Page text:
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A Kitchen Wonder: The Invention of the Food Processor

November 26, 2013

With the holidays here, some of us are going to be spending considerable time in the kitchen. What would the holidays be, after all, without a proper feast to celebrate them? So it seems only fitting to take a moment to commemorate an invention that has proven to be a real time-saver over the years for cooks of all descriptions: the food processor.

Multiple inventors can lay claim to being the creator of this handy tool. The generic food processor is largely an outgrowth of the technology used, of course, in a food blender (a device that was already popular in the 1930s).

This occurred to Pierre Verdun, a French catering services salesman, in the late 1950s. Verdun had noticed that food professionals spent much of their time simply slicing, chopping, and grating food items to prepare them for cooking. So he reasoned that this process could be automated for the sake of convenience and productivity, along with the opportunity to develop a money-making product. By 1963, he had designed a prototype that featured a bowl with a motorized revolving blade in its base and a tube for inserting the food item to be processed, all enclosed in one unit. He called the contraption a Robot-Coupe and set up a company to offer early models to the catering trade.

Meanwhile, in the United States, an industrial designer named Albrecht von Goertz, a German émigré better known for designing sports cars, created a food processor for the German firm Electrostar (which had developed a line of blenders in the 1940s). While Verdun had been more interested in the utility of his models, Goertz (dubbed the “007 of Design” by a German newspaper) seemed more interested in the aesthetics of his designs, such as the legendary Starmix MX3.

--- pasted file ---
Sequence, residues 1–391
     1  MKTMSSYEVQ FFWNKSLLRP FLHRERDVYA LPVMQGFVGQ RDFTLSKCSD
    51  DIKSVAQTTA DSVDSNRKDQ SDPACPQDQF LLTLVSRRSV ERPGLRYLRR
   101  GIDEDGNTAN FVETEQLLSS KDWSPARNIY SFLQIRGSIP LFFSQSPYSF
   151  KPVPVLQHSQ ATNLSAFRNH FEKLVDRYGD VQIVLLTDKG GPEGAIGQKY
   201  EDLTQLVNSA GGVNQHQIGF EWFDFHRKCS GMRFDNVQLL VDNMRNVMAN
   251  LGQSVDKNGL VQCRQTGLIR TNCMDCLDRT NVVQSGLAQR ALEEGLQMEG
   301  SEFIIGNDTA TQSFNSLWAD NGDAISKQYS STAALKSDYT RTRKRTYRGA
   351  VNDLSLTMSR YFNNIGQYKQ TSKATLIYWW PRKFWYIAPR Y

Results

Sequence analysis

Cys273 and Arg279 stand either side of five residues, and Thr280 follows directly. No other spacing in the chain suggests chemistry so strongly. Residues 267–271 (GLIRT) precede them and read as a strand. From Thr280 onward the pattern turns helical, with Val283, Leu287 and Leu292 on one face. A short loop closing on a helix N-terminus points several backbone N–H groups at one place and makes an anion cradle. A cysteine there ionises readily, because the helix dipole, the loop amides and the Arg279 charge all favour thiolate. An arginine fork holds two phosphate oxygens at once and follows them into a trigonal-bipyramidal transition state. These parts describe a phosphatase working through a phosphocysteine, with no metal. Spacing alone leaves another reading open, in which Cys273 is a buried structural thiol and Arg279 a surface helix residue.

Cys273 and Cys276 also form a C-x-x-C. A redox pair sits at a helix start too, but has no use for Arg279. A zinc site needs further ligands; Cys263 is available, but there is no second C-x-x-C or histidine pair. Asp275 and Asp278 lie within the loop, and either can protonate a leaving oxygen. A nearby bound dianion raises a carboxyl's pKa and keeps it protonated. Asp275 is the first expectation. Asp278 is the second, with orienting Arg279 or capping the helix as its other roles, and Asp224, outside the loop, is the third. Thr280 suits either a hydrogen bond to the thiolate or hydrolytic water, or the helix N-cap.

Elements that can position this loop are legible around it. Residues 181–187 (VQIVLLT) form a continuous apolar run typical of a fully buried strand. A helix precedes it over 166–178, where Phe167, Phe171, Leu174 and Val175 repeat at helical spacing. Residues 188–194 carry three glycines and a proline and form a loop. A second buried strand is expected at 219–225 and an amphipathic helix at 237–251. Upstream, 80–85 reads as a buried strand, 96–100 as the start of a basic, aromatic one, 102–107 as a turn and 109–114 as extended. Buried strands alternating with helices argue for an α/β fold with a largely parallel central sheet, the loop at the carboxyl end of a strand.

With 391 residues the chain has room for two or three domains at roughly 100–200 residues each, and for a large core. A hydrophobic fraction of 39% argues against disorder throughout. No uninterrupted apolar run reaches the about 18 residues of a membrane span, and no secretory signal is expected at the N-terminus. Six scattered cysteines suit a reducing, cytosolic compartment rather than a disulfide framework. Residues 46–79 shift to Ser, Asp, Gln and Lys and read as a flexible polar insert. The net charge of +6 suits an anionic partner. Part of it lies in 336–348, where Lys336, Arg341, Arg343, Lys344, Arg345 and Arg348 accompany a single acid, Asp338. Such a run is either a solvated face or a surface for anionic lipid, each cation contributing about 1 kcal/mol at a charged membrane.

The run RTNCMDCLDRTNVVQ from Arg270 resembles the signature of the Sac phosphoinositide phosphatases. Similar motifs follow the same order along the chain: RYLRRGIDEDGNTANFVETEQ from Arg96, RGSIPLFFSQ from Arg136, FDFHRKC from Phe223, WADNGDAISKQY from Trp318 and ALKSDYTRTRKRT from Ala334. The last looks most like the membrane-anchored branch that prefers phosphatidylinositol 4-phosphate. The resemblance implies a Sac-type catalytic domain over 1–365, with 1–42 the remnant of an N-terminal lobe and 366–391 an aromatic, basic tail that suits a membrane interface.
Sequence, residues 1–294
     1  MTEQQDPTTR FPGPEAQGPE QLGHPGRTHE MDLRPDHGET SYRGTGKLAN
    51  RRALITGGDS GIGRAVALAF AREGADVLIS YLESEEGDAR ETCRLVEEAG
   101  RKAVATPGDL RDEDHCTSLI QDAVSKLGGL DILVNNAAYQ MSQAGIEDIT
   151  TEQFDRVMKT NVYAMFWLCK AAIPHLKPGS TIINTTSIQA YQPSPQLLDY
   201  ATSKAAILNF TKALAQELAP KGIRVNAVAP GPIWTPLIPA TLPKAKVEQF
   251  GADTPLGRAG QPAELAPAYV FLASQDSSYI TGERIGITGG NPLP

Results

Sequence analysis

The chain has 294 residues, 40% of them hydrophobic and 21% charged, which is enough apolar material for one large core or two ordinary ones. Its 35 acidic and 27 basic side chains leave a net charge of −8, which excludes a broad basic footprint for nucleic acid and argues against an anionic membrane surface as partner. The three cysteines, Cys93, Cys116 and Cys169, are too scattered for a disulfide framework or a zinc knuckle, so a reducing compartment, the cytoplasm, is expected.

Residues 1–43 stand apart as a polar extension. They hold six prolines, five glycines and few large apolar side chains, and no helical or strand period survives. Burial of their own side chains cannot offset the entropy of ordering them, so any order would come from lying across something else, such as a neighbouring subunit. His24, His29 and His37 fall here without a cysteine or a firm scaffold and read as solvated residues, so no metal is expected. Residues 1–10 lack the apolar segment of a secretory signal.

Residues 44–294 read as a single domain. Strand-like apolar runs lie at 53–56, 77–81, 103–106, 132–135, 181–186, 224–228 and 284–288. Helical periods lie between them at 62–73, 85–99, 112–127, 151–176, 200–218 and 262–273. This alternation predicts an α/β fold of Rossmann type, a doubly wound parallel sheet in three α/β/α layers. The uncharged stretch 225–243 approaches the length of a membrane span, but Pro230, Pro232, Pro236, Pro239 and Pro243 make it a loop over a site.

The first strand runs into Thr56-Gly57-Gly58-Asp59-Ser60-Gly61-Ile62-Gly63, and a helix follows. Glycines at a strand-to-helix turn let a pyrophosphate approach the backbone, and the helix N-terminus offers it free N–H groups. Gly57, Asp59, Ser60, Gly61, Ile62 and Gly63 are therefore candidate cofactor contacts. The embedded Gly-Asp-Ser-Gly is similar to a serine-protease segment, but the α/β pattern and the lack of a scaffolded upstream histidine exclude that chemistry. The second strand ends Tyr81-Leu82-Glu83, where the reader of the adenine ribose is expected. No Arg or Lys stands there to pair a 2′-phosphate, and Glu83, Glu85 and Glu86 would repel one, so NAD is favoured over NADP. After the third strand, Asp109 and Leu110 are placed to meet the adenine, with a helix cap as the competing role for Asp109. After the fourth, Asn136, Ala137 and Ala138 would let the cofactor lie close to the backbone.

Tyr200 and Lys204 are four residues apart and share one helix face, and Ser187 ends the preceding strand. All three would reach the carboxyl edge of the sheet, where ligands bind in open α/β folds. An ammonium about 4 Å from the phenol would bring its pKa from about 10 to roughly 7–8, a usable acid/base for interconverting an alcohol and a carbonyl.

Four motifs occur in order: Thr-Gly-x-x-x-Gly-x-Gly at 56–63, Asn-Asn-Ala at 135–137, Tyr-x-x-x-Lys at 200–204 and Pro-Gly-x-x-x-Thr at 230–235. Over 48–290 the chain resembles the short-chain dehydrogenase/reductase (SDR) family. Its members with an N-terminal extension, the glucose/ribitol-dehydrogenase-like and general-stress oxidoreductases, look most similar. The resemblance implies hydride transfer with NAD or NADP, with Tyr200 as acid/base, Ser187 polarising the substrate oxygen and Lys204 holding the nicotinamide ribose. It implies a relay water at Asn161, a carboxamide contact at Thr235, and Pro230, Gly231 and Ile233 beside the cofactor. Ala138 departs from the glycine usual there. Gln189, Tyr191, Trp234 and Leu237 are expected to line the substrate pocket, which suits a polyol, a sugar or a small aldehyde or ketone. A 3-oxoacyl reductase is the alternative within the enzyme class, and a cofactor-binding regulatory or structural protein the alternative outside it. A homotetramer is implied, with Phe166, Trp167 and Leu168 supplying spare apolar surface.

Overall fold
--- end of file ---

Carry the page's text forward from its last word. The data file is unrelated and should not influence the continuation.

While firms in the U.K., France, and Germany were offering food processors throughout the 1960s, the device’s future was only well and truly made when Carl Sontheimer, an American engineer who grew up in France, designed a food processor in the early 1970s. He called his offering a Magimix and quickly set up a company, Cuisinart, in 1973 to manufacture new models. It was his kitchen wonder that eventually conquered the U.S. market.

So, as you slice and dice your way through the holiday meals ahead of you, provided you are using a food processor to help out, remember the thoughtful inventors who made your chore just a bit easier.   And don’t forget you can find Keystone products in most food processors, such as:  LED Spacers & Lens Caps, Anti-Vibration GrommetsTest Points, and Screws & Panel Hardware.

Now spend that bit of extra time you’ve been spared to enjoy the festivities with family and friends. Happy holidays!